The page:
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Re: Is art education dead?


From: Patricia Knott (pknott_at_TeacherArtExchange)
Date: Mon Jun 03 2002 - 20:52:13 PDT

Good to have you back Henry, have missed your long windedness.
> I'm pretty sure it isn't dead (tho it should be) too many people out there
> capable of carrying the old ways over and unaware of the impending "death"
> or any of the "official" announcements that have come out in recent
> months.

And I'm pretty sure it died when we decided to become disciplined and
> the old was unbalanced: too Western, Too Modern in perception, too
> Fine art, too intellectual
> In its place we need to build an AE that is rebalanced and fairly reflects
> the practices and uses of aesthetic making in culture (art)around the
> planet and from the paleolithic to the present. If we were to be
> absolutely scrupulous about it
But I absolutely shiver when I see some of the abuses of "multicultural"
lessons and the disregard for the belief systems that led to the creations.
You are asking for a knowledge base that that I really don't see happening.
I see a lot of 'trinket' making, without the understanding.

> Art isn't just the "non-utilitarian" that's a Modernist intrusion and is
> probably only appropriate in a modernist western context.
> And definitely art is not primarily a professional practice. KIDS you CAN
> do this AT HOME!!!!!!

And that's the problem I grapple with. Art is first PLAY. It's about
wrestling with ideas and being given the time and freedom to do that
wrestling. We have become bound to curriculums that narrow that play and
wrestling with concepts. Narrow it to a western view and a western outcome
and ultimately narrow it to how are you going to make money out of this?
> I hate to say this 'cause I know just about everyone
> will choke on their teeth but aside from her narrow focus on Western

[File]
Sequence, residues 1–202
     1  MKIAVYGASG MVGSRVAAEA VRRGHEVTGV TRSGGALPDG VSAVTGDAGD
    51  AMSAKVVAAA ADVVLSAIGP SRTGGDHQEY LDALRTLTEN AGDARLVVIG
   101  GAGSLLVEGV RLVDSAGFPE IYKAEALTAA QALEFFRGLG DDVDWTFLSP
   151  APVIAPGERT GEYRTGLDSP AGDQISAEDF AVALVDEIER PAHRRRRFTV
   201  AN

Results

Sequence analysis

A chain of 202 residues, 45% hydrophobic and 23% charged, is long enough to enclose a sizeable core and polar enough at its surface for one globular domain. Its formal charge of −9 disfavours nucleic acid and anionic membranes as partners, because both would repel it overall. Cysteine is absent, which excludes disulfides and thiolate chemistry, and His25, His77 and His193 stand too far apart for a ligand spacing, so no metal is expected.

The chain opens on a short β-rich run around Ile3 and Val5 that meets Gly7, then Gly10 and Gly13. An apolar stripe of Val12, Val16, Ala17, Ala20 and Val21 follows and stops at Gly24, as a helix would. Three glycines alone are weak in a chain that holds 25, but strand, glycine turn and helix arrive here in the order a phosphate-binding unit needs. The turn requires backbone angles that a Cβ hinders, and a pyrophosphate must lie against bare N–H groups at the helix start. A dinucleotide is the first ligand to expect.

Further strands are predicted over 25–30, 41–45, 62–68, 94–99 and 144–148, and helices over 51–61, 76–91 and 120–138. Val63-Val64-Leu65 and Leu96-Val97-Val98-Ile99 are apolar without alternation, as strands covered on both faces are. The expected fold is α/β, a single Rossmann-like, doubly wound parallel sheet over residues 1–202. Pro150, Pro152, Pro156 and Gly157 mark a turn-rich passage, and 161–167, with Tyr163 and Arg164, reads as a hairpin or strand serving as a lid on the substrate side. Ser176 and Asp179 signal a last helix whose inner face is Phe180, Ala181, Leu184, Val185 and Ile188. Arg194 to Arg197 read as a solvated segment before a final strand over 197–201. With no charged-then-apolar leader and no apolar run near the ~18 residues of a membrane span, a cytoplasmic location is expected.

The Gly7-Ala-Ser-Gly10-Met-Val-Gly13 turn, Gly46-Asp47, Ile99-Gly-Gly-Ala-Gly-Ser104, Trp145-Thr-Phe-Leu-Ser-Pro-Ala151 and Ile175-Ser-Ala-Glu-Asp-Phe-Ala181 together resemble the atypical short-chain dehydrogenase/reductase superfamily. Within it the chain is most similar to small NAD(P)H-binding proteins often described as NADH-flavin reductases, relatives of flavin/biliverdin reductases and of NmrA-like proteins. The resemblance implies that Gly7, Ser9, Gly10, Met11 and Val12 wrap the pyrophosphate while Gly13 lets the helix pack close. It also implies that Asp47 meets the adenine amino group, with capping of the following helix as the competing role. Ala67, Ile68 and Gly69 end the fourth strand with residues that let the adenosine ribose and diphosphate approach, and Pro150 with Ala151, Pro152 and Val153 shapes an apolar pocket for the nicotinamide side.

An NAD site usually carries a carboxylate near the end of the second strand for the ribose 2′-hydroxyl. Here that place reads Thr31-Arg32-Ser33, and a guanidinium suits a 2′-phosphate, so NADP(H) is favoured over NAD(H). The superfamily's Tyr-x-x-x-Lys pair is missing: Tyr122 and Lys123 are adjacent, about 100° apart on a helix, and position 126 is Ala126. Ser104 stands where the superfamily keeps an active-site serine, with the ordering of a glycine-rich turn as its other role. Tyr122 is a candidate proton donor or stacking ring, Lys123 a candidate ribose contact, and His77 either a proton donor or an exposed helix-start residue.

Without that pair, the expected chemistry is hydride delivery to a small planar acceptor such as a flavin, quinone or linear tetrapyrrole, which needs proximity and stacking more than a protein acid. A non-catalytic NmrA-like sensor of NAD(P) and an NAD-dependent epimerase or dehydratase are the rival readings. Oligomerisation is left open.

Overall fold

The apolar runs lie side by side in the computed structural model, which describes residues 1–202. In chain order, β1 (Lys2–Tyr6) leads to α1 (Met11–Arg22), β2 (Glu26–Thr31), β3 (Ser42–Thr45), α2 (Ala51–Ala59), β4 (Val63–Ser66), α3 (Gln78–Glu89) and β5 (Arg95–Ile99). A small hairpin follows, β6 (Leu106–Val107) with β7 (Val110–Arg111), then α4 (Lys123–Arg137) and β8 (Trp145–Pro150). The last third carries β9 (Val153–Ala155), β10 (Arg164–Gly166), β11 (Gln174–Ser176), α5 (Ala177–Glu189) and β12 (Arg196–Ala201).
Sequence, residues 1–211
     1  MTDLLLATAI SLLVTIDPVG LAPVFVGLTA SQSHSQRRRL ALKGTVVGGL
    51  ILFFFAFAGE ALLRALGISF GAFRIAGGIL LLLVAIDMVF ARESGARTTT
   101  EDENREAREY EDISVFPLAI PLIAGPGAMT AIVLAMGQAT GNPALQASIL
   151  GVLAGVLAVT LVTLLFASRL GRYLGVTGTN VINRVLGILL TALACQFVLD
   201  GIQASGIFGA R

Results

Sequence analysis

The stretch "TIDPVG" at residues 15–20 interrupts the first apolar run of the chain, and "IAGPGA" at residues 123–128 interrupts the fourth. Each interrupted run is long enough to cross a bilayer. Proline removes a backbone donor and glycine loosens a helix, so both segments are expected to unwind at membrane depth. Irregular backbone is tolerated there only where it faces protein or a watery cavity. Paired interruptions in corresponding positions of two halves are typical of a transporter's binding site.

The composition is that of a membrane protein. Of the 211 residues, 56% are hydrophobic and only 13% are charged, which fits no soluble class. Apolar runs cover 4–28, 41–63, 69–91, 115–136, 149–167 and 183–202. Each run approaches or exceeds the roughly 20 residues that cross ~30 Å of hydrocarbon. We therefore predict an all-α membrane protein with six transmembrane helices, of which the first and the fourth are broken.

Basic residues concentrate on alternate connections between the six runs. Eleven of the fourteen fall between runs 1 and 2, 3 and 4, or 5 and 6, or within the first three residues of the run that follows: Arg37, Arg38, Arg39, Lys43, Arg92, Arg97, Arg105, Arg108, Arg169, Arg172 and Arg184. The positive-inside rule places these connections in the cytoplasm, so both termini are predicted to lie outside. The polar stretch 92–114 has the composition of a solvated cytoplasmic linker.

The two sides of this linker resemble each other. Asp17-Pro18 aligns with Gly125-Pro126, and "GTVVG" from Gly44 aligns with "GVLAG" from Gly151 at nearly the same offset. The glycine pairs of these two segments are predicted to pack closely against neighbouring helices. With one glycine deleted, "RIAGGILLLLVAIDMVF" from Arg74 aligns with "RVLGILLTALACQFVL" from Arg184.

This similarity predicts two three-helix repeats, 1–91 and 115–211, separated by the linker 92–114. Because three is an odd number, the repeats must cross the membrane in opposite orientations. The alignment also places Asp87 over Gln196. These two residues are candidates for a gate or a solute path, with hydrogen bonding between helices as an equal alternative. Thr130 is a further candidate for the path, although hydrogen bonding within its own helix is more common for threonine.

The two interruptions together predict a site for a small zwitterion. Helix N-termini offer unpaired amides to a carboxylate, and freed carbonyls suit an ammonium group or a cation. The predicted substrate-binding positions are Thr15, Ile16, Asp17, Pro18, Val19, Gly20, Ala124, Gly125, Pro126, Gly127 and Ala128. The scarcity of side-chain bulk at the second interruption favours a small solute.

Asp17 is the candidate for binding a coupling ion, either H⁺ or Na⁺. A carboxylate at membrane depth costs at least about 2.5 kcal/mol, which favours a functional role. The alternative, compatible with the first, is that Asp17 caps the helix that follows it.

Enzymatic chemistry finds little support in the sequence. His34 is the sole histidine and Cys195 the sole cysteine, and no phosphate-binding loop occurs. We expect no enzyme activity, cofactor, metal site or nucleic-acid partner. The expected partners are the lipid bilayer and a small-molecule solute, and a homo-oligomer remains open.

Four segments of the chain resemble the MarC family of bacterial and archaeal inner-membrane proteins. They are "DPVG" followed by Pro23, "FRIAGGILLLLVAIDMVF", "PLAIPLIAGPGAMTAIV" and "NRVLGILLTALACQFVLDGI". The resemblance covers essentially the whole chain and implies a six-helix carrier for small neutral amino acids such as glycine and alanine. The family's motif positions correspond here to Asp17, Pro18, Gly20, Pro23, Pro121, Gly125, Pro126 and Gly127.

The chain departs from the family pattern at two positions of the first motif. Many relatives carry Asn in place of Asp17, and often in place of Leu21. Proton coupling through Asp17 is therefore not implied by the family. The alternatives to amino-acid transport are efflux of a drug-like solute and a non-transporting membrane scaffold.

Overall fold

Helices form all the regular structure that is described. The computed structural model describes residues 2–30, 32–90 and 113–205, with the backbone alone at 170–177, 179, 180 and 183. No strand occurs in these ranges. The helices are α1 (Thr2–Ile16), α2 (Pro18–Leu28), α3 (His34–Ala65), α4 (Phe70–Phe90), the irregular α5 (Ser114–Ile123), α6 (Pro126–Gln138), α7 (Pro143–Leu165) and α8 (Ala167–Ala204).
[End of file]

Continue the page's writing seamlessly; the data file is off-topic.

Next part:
> Fashion Martha Stewart is closer to a useful model of Art Ed than anything
> the universities have come up with to date. (Are you done gagging yet?)
> Seriously If Martha's demographic niche was school kids and if she spent
> more time on the products of historical and traditional (non-western,
> non-metropolitan) cultures she'd have something. This is real art being
> used in peoples lives. No, not SIGNIFICANT ART or Significant Form, those
> are Modernist ideas and values. This is Aesthetic Making having a real
> impact on peoples lives.
As much as I think Martha is a little bit obsessive/complusive I don't
disagree. My only problem is that Martha has gotten herself into a position
to be able to "play" through means that I don't don't quite want to
represent as a model. But now that she is where she is she can play. And
play is what I want to talk about.

Is art ed dead? Yes. Because we don't play anymore. In our efforts to
legitimatize our program, we have forgotten that the art room is the place
to come and play. Play is not illegitimate.

Henry asks that we offer a model Anyone could offer a competing model and if
you can muster even a
> small one it would be a shame not to put it out here in the world
I suggest that we play a little more Everyone should play at it! Take a
little responsibility for what art
> education is evolving into.

yes I'm really tired tired and weary of seeing what I'm good at doing being
reduced to administrative objectives that I see little value in, little
value to what I think are the true values of art ed

two more weeks for me and maybe I will rejuvenate